A growing coalition of technology companies are reportedly petitioning the President and the US government to demand information and increased transparency of intelligence service
communications monitoring. The letter declares the intent to regularly reveal information to the public about government surveillance requests, and is demanding the government also report the number of requests about users, the number of accounts or devices for which information was requested, and the volume of requests seeking content or other subscriber information.
obtained a copy of the letter claims that "basic information about how the government uses its various law enforcement-related investigative authorities has been published for years without any apparent disruption to criminal investigations. We seek permission for the same information to be made available regarding the government's national security-related authorities. This information about how and how often the government is using these legal authorities is important to the American people, who are entitled to have an informed public debate about the appropriateness of those authorities and their use."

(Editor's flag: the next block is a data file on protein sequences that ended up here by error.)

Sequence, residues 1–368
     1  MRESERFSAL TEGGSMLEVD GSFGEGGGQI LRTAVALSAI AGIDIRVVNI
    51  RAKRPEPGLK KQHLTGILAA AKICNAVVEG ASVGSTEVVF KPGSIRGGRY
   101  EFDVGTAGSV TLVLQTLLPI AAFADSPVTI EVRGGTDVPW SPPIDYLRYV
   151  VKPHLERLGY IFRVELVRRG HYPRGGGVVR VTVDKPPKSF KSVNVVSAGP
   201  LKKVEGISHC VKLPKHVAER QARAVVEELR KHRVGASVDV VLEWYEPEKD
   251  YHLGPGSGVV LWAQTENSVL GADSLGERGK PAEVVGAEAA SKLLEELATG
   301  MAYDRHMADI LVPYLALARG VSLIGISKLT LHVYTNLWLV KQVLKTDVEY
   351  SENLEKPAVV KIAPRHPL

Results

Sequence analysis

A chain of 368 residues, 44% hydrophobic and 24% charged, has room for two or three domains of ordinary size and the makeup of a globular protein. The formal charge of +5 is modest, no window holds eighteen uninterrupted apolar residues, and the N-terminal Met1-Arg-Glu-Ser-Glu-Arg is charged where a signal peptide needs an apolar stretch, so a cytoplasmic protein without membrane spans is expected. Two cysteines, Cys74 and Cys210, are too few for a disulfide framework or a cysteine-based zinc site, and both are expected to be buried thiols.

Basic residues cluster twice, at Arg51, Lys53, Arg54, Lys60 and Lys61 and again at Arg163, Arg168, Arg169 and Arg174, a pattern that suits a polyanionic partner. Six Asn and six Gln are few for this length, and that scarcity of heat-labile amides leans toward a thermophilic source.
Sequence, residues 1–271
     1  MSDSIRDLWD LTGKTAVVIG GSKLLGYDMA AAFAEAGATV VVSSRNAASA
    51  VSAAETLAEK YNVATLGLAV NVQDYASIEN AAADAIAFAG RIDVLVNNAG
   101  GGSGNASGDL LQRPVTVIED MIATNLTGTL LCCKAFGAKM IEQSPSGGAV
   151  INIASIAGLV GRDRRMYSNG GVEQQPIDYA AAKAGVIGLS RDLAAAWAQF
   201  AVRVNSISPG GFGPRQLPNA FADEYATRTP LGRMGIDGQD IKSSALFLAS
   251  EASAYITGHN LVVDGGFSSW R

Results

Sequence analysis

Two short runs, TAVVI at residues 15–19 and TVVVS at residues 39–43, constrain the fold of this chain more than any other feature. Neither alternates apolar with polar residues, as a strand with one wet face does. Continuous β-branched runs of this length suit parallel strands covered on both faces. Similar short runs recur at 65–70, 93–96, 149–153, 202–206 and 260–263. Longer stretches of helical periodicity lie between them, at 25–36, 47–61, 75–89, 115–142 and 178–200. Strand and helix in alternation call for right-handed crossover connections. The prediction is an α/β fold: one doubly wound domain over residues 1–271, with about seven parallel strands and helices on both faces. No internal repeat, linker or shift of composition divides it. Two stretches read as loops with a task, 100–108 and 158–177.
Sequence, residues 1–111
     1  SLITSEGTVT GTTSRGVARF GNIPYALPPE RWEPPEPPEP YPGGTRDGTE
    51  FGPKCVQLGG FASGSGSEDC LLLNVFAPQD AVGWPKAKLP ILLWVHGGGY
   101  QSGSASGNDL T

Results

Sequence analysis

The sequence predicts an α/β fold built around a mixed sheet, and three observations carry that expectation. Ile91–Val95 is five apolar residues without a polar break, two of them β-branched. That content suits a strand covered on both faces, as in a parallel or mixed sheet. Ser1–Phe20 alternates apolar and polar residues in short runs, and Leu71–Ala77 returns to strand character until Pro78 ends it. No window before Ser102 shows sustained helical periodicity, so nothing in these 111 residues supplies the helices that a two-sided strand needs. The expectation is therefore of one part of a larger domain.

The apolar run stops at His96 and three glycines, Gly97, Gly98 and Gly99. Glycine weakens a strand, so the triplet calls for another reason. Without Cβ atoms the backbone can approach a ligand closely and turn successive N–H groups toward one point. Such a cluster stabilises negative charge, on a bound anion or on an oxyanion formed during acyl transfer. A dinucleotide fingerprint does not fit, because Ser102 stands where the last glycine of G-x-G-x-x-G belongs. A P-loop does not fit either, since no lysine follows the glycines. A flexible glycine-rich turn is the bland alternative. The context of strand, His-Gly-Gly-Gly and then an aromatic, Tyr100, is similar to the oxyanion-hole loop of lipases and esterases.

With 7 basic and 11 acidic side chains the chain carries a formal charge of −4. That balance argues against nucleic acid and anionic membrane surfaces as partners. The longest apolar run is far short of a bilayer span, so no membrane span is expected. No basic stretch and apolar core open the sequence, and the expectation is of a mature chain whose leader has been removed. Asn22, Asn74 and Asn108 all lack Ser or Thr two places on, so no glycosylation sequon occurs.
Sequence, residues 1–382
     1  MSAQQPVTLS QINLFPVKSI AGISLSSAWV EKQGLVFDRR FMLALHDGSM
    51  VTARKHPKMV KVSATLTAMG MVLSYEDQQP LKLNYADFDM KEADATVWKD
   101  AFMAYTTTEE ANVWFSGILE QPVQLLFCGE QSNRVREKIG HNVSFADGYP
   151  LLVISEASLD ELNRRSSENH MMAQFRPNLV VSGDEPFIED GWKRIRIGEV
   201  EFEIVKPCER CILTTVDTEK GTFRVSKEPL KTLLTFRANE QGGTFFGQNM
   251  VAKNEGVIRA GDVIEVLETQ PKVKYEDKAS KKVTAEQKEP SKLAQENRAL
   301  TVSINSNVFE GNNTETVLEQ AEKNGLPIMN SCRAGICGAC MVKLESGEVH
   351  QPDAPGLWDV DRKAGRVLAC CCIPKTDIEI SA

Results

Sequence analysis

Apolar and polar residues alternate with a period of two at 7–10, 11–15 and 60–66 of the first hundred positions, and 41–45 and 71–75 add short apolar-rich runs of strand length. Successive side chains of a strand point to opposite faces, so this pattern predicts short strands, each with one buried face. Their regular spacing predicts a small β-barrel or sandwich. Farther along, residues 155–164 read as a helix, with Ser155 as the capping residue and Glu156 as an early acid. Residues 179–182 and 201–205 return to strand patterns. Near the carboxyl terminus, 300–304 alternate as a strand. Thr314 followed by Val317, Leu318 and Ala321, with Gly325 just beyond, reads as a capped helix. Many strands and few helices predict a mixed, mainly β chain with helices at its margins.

The coalition was formed following a PRISM program security presentation leak
provided by a long-term intelligence contractor to expose the "gross intrusion on privacy." The highly-classified program has been in operation since the last year of the Bush administration, but was renewed by the Obama administration. A later report from Reuters quoted an anonymous senior US official saying that the program is only used to target people outside the United States
, as required by NSA mandates. The scope and volume of the retained data kept by intelligence agencies as a result of the program is unknown.
Companies and organizations involved in the coalition include AOL, Apple, Digg, Dropbox, Evoca, Facebook, Google, Heyzap, LinkedIn, Meetup, Microsoft, Mozilla, Reddit, salesforce.com, Tumblr, Twitter, Yahoo, YouNow, Union Square Ventures, Y Combinator, New Atlantic Ventures, The Electronic Frontier Foundation, Human Rights Watch, The American Civil Liberties Union, The Center for Democracy & Technology, Reporters Committee for Freedom of The Press, Public Knowledge, The Computer & Communications Industry Association, Reporters Without Borders, and the Wikimedia Foundation.